Montgomery, alongside the cruiser Anzio and amphibious assault ship Iwo Jima, were sortied from Mayport ahead of the storm, which is expected to slam into Florida’s east coast as a massive Category 4 hurricane.

    The Air Force Hurricane Hunters measured the storms’ winds overnight at 125 mph, and the storm is expected to strengthen as it approaches Florida tonight.

    Montgomery suffered a pair of engineering failures within 24 hours, the Navy announced Sept. 16. The ship pulled into Mayport on its own power for repairs, which were under warranty from the manufacturer.

    https://www.navytimes.com/articles/t...racks-the-hull

    Leave a comment:


  • kato
    replied
    Originally posted by Tankersteve View Post
    Also, while acknowledging how little I know about ship damage control
    Swift was built to civilian standards and pretty much didn't have any builtin damage control. Aluminium vs anti-ship missiles is a thing since the Falklands.

    Missile was likely a C-802. Threat scenario - for LCS - should be seen with a bit of a grain of salt, given the Houthi aren't exactly some backwater militia. Where others would resort to suicide bombers these guys instead have been firing upgraded SCUDs at Saudi military targets several hundred miles behind the front quite regularly over the past 18 months. And with far more success than say Iraq in '91. These ain't the kinda guys where the USN would send a LCS. At least not alone.

    Leave a comment:


  • Tankersteve
    replied
    Whew

    Originally posted by surfgun View Post
    Makes me wonder about the aluminium in the Independence-class. Also, while acknowledging how little I know about ship damage control, it is kind of impressive that she didn't burn to the waterline.

    Tankerstev

    Leave a comment:


  • jlvfr
    replied
    Originally posted by surfgun View Post
    Wooooow...

    Leave a comment:


  • surfgun
    replied
    Here is some food for thought.

    http://gcaptain.com/photos-show-cata...issile-attack/

    Leave a comment:


  • surfgun
    replied
    Video: launch of Wichita.

    https://m.youtube.com/watch?v=b_wnwFpw26g

    Leave a comment:


  • surfgun
    replied
    An updated report on LCS 8 engineering casualty.

    https://news.usni.org/2016/09/16/lit...rs-engineering

    Leave a comment:


  • tbm3fan
    replied
    Originally posted by surfgun View Post
    LCS 8 Montgomery suffers an engineering casualty .

    https://news.usni.org/2016/09/16/lit...rs-engineering
    Gotta say that is one stupid looking ship from above. Makes me want to send a torpedo on it's way towards the forward 1/3.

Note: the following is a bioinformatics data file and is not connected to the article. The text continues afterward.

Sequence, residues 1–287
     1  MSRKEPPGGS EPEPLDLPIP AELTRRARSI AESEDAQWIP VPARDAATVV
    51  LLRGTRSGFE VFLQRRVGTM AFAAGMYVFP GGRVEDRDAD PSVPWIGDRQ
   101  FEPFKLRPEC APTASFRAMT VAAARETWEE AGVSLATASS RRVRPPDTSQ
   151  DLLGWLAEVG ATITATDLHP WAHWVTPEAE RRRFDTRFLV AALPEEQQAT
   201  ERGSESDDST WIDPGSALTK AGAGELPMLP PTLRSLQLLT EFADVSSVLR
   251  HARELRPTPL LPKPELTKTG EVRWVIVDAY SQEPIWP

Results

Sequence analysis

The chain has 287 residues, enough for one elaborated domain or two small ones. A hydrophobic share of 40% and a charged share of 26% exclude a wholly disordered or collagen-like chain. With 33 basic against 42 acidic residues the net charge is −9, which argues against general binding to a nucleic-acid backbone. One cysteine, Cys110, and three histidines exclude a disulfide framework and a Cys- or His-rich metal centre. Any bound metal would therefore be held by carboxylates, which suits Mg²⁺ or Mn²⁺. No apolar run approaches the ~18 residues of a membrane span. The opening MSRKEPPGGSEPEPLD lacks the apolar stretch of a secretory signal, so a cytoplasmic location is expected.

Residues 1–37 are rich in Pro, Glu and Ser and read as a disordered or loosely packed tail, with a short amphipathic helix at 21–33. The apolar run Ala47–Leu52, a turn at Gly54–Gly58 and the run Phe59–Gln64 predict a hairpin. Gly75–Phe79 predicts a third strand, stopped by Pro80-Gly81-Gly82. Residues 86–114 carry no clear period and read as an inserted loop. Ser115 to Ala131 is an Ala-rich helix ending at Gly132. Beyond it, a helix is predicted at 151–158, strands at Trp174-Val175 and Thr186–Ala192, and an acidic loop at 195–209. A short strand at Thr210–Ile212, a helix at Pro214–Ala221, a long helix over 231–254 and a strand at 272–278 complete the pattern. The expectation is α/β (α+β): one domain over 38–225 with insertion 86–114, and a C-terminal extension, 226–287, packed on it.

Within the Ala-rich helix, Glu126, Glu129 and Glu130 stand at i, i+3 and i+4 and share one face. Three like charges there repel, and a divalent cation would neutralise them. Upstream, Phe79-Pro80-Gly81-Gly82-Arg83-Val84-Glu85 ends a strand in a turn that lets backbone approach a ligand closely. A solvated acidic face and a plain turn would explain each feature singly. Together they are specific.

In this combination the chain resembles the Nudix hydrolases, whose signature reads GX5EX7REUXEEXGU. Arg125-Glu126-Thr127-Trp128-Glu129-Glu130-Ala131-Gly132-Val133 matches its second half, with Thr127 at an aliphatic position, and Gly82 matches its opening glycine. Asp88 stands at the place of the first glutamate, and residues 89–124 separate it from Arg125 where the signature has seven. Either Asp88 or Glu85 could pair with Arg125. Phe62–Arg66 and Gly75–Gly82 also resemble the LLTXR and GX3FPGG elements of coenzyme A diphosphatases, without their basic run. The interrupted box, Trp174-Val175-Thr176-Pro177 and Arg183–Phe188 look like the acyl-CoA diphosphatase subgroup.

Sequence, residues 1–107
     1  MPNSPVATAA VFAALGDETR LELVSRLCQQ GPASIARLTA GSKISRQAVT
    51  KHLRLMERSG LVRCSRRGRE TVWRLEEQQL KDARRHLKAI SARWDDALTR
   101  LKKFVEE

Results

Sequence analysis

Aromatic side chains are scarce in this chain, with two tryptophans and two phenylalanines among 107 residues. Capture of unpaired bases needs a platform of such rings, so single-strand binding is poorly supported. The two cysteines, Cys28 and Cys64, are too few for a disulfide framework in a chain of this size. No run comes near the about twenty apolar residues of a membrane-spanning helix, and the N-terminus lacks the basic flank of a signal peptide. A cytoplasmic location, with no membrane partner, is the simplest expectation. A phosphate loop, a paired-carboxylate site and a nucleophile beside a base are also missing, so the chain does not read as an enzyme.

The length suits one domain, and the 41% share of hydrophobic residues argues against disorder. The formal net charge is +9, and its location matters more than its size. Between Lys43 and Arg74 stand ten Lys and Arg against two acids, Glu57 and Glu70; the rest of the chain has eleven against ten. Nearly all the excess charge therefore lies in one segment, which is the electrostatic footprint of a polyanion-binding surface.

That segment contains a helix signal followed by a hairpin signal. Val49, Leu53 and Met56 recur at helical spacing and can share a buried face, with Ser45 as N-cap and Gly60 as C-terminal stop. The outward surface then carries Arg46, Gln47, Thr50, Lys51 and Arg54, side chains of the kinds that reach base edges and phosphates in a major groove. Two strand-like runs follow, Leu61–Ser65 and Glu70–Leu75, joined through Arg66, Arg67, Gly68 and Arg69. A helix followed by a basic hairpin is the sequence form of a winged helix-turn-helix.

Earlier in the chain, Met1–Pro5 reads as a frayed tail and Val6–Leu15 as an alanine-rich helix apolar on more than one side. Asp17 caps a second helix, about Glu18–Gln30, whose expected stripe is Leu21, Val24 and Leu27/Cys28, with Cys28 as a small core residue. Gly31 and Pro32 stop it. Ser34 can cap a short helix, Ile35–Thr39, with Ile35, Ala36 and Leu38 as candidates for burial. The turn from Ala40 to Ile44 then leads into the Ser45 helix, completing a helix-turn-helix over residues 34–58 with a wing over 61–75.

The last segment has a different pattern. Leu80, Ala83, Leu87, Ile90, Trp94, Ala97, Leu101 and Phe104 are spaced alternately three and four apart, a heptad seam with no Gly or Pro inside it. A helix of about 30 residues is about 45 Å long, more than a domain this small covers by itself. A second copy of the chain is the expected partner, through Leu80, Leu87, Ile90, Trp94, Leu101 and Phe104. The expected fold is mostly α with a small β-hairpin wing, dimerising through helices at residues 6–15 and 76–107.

Leave a comment:


  • surfgun
    replied
    I"m thinking about designing some art using all of the surpluse damaged gear sets out of these blenders known as the LCS!

    Leave a comment:


  • SteveDaPirate
    replied
    Wow another one? I'm wondering how much of this is the engineering in the ships and how much is operator error with the weird manning.

    My hunch is that it is largely the manning system they cooked up since both classes of LCS have been afflicted by repeated engineering casualties and their internal stuff has different designs.

    Leave a comment:


  • jlvfr
    replied
    Originally posted by surfgun View Post
    LCS 8 Montgomery suffers an engineering casualty .

    https://news.usni.org/2016/09/16/lit...rs-engineering
    ... seriously?!

    Leave a comment:


  • surfgun
    replied
    LCS 8 Montgomery suffers an engineering casualty .

    https://news.usni.org/2016/09/16/lit...rs-engineering

    Leave a comment:


  • Monash
    replied
    Originally posted by surfgun View Post
    LCS 13 Wichita is to be launched on September 17th.

    http://seapowermagazine.org/stories/...5-wichita.html
    Quoting from the attached article:

    "Plagued by cost overruns, design and survivability issues, the planned LCS fleet has been winnowed from an original projected force of 52 ships. To fill that gap, the Pentagon has announced a multi-mission frigate."

    Its starting to sound like the Navy is losing its appetite for the LCS program and has decided to go with a 'proper' or more conventional frigate design. What chance they decide to cut their loses and pursue other options (say a modified EPF) or just try and get the LCS mine hunting suit up and running and buy just enough of them for this primary role and maybe anti-piracy work as a secondary task.

    Leave a comment:


  • tbm3fan
    replied
    Originally posted by surfgun View Post
    LCS 13 Wichita is to be launched on September 17th.

    http://seapowermagazine.org/stories/...5-wichita.html
    A new witch...

    Leave a comment: